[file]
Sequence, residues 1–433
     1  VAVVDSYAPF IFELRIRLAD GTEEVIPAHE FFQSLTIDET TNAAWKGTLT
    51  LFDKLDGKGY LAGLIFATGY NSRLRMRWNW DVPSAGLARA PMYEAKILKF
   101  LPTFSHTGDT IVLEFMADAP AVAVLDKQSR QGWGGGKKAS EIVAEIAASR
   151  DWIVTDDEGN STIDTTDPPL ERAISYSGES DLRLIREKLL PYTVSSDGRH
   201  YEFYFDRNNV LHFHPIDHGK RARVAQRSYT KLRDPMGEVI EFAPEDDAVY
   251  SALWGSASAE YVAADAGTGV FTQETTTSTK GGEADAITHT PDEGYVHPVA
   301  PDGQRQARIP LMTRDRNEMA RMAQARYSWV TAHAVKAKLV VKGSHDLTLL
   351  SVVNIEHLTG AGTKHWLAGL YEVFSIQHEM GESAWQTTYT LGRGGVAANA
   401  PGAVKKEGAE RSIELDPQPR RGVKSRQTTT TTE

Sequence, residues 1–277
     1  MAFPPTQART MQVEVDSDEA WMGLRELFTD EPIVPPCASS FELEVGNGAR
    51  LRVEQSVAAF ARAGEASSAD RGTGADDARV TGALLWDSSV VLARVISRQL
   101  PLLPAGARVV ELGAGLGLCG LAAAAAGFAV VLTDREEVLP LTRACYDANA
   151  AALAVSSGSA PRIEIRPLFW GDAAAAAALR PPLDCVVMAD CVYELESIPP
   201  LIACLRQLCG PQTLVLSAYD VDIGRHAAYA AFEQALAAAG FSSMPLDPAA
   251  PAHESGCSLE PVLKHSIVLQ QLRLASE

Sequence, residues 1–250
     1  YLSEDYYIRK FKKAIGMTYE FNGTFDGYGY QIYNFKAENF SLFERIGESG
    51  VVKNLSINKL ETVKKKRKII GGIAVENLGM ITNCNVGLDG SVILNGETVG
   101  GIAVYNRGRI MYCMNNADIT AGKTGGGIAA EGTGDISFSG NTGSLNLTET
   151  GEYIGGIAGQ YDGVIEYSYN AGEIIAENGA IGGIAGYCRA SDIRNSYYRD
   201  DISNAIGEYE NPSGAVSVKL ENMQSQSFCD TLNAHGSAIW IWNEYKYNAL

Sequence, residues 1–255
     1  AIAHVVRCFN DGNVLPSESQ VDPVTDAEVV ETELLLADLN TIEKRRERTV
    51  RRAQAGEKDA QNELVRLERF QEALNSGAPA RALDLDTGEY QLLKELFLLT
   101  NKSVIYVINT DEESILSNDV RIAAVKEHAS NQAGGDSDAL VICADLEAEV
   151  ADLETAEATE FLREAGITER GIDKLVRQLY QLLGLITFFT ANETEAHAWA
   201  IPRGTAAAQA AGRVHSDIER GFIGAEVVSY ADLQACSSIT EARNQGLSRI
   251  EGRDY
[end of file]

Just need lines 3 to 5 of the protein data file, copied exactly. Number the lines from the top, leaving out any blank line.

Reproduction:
    51  LFDKLDGKGY LAGLIFATGY NSRLRMRWNW DVPSAGLARA PMYEAKILKF
   101  LPTFSHTGDT IVLEFMADAP AVAVLDKQSR QGWGGGKKAS EIVAEIAASR
   151  DWIVTDDEGN STIDTTDPPL ERAISYSGES DLRLIREKLL PYTVSSDGRH